Ukraine to Honour Soldiers who Slaughtered Poles at Volhynia

Ukraine has introduced a new law that honours soldiers who fought in nationalist groups against Nazi Germany – but who are accused of acts of genocide against Poles in the Polish-Ukrainian borderlands.


The Ukrainian Insurgent Army (UPA) slaughtered at least 60,000 Poles, and up to 100,000, in Volhynia and Galicia from 1943 to 1944. Early in the ethnic cleansing campaign, in July 1943, UPA soldiers attacked around 150 Polish villages in two days, murdering inhabitants in often brutal fashion. The deaths of every male aged 16 or over had been ordered, but women and young children suffered equally.

The actions of the UPA were met with counter-attacks by the Polish underground army (AK), leading to the deaths of around 20,000 Ukrainians in Volhynia and Galicia.

Rzeż wołynska (The Volhynia Massacre):

Ukraine has never been able to be fully open about the Volhynia massacre, and Poland, wary of causing diplomatic tensions, has fallen short of making an outright demand for ‘apology for genocide’.

But now, the Ukrainian government wants to give surviving UPA members state pensions and other benefits.

The move was criticised by, among others, Robert Choma, mayor of Przemyśl, on the Polish side of the Polish-Ukrainian border.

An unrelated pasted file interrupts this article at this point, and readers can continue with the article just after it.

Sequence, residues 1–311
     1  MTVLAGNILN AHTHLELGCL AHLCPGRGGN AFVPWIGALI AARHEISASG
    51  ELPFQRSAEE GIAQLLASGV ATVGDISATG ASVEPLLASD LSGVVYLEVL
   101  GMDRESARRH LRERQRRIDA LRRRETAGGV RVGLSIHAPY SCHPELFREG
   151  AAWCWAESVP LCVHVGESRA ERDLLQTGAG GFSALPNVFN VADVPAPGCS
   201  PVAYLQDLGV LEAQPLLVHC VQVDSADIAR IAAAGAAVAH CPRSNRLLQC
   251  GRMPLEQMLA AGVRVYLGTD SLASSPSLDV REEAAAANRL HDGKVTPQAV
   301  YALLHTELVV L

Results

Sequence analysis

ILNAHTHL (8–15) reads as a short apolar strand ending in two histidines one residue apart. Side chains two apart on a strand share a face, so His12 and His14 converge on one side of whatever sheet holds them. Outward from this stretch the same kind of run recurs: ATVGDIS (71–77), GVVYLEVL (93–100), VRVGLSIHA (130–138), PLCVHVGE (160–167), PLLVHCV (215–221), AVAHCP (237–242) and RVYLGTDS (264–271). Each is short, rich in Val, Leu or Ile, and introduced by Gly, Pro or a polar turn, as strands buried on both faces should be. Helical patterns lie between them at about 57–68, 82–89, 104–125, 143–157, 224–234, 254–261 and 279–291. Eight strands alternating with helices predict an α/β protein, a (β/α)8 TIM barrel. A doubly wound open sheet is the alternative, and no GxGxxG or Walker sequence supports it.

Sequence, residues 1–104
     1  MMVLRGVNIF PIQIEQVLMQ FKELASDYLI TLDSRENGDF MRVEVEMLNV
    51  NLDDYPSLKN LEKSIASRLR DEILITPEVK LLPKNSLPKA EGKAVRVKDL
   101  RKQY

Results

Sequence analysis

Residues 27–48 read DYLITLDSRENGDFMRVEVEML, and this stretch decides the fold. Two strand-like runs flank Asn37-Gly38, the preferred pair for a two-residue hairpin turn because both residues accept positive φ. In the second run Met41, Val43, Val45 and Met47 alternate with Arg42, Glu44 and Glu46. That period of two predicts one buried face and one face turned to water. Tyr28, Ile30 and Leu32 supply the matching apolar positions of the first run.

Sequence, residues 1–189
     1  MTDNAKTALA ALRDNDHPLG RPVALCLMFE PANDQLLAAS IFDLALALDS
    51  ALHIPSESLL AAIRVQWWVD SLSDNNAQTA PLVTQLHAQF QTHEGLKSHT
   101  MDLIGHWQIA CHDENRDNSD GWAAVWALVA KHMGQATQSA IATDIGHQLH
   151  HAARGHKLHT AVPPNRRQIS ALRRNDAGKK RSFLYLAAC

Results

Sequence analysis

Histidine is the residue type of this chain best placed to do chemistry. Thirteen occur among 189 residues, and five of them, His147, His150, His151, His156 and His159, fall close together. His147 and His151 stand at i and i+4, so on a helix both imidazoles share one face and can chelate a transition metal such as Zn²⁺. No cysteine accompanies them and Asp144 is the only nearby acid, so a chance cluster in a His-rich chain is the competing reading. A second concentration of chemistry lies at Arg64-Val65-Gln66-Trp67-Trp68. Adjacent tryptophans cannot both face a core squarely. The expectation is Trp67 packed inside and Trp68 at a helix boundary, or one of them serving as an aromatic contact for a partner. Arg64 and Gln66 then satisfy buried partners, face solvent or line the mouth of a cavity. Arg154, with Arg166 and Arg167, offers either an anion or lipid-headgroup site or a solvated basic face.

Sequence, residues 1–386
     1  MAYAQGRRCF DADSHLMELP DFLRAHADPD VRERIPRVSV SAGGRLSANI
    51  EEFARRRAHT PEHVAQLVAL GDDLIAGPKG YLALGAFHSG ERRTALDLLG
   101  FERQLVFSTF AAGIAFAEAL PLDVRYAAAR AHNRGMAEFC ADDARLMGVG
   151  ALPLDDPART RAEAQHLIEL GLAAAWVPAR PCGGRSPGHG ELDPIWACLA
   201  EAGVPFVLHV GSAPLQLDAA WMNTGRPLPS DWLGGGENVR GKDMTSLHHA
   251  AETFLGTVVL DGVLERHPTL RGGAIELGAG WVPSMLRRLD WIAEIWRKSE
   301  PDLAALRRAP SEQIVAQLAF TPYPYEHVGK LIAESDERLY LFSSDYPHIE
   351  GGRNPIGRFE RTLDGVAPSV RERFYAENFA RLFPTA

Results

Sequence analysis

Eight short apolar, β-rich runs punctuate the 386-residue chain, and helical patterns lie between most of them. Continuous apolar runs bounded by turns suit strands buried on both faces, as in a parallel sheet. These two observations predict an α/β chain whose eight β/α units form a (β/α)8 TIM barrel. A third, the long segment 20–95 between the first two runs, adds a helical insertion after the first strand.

Mr Choma wrote to Poland’s president, Bronisław Komorowski, expressing ‘concern, even raising protest’ on behalf of Przemyśl residents about the new law in Ukraine.

His letter said: “In Przemyśl, there live too many people who, even if they do not remember the atrocities carried out by members of the UPA, can cite people from families who were killed by these ‘freedom fighters'”.

Mr Choma noted that Mr Komorowski had been on a state visit to Ukraine when the law was passed. He said the combination of events ‘did not serve Polish-Ukrainian relations well’. However, he was more positive about Mr Komorowski’s speech at the Ukrainian parliament, in which the president mentioned the two nations’ ‘common history’ and praised Ukraine’s ‘European aspirations’.

The law, introduced on April 9, was one of three designed to bolster national feeling among Ukrainian society – and also makes it a crime to ‘insult the members of the UPA’. Another law passed on the same day banned the use of the hammer and sickle – symbol of the Soviet Union – outlawing it in the same way that the swastika is outlawed in some countries for its connection with Nazi Germany.

The third law establishes May 8 as a day of Day of ‘remembrance and reconciliation in honour of all the victims’ of the Second World War.

Picture: Slaughter at Volhynia. Additional reporting by